Jesus is a Feminist: you don't have to Lean In, but don't bow out
Although I haven’t read her book yet (it’s on our book club list and I’m waiting for the rest of the group!), I enjoyed hearing Sheryl Sandberg, CEO of Facebook and author of Lean In, speak at BlogHer this year in Chicago. While she was speaking, I was watching the chatter on Twitter and I noticed a disturbing response from the “Christian” bloggers that I follow. It actually disturbed me so much that I feel like I need to respond with this post. I saw several women who either skipped the keynote altogether because “I’m not a feminist” or attended but were tweeting things that implied that this ridiculous talk about feminism did not apply to them. What bothered me the most about this viewpoint is that it is completely wrong for someone who says they follow the Jesus described in the Bible. You don’t have to “lean in” if you don’t want to, but if you say you follow Jesus, I have news for you: Jesus is a feminist.
First, let’s be clear on what a feminist is. Here’s the definition from Merriam-Webster:
fem·i·nism: the theory of the political, economic, and social equality of the sexes
If you believe that men and women are equal, you are a feminist.
Let me put it another way.
Have you attended a school, college, trade school, or certificate program? Do you teach others in any capacity: have you trained a coworker at school, taught a workshop, led a Sunday school class or Young Life meeting? Ever spoken in front of an audience that included men? Do you own a car, a house, do you have a birth certificate, a driver’s license, a passport, a library card, a credit card? When the U.S. census comes around, do you count yourself as an individual human being, or do you skip yourself and only count the males in your household? In your day to day life, do you speak to males in public and expect them to speak back to you? The postman, the clerk at the store, your neighbor, the dads in your children’s class at school, your childrens’ teachers and principals?
If you said “yes” to any of these things, you are behaving as a feminist, and are relying on feminist tenets in your everyday life. You have an expectation that you will be (and you have been) allowed the same freedoms that a man has, in these particular areas.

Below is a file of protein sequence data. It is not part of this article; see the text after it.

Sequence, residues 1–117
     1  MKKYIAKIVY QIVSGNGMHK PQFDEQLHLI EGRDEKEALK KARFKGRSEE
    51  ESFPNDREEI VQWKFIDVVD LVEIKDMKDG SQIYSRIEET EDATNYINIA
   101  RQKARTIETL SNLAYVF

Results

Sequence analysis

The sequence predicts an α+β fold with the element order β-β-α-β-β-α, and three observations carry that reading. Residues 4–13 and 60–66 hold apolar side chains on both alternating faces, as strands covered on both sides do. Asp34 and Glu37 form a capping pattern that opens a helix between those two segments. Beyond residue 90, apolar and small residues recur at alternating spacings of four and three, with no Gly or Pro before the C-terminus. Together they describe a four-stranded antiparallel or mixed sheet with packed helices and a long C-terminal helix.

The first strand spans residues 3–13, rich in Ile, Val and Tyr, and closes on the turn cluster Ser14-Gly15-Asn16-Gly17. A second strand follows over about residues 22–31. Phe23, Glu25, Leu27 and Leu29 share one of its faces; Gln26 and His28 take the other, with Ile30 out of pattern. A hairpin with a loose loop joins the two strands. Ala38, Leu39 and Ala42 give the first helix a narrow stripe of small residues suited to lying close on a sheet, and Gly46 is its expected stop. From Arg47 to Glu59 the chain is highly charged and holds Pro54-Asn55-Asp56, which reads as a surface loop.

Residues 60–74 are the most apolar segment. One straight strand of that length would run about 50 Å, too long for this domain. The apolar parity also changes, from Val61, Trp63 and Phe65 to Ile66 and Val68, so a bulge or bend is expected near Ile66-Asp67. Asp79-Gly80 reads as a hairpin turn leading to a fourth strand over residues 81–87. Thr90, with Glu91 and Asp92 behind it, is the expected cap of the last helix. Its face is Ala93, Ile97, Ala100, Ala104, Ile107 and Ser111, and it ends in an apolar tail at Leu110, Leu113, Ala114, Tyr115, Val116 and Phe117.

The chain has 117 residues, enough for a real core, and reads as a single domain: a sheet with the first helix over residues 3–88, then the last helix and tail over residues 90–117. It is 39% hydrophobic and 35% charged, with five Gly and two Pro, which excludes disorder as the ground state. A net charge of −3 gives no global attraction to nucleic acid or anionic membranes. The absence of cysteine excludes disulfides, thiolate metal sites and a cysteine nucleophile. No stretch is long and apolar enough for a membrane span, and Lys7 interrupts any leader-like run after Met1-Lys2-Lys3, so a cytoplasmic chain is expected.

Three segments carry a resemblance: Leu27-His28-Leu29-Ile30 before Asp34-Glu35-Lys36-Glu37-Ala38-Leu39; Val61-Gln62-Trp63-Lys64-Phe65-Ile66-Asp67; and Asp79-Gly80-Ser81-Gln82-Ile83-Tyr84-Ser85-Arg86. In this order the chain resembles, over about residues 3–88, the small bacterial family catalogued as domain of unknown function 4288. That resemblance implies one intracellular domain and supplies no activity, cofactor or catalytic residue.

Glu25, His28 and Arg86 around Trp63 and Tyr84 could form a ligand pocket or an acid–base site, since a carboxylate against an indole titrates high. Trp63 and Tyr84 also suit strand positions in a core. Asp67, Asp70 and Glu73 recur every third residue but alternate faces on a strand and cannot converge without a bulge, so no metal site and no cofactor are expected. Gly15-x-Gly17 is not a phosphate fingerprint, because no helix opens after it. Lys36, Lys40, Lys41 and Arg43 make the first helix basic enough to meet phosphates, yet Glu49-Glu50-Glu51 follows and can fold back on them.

You also have much more freedom than a woman would have had in Palestine during the time that Jesus was on the earth. It was a rough time to be a Jewish woman. Although Jewish Greek and Roman women had some degree of power and freedom , in reaction and opposition to these foreign societies, strict rabbinical law in Palestine during the time of Jesus took the opposite viewpoint and forbade all such liberty for women. When Jesus came onto the scene, He* challenged all of those norms.
An observant Jewish woman in Palestine during this time would have been barred by strict rabbinical law to be taught to read or to study the Torah. In the stricter households, she might even have been confined to her home. When she was allowed out of the house, it would be to worship in the synagogue, but even then she was separated from men. Men were educated in literacy and in religion, but women were not. If you were a very religious Jewish man of the time, you would not speak directly to a woman in public. Not even your own wife, daughter, or mother . She was both too inferior and too lavicious, merely by merit of her existence . That pretty much leaves out owning any kind of business or working full time. Maybe you don’t want to own a business, but what about being legally recognized as a person? Nope. In the Old Testament, women were not counted when there was a census. During the time of Christ, the testimony of a woman was not acceptable evidence in court . Josephus documents that women were actually deemed inferior by law .
In contrast, every reference in the Bible to the larger group of followers of Jesus (outside the immediate disciple group) specified that both men AND women followed Him.
The fact that the overwhelmingly negative attitude toward women in Palestine did not come through the primitive Christian communal lens by itself underscores the clearly great religious importance Jesus attached to his positive attitude–his feminist attitude–toward women: feminism, that is, personalism extended to women, is a constitutive part of the Gospel, the Good News, of Jesus.”
Jesus Was A Feminist, thesis by Leonard Swidler, 1971
It’s interesting to note that Jesus frequently taught outdoors and in public places, rather than in the synagogue, which would have been the norm for a Jew trying to drum up a new movement. Why wouldn’t He be in the religious forum of the culture — a synagogue? Because if He were to teach in a synagogue, women would not be able to hear Him. Outdoors, anyone could attend, and did .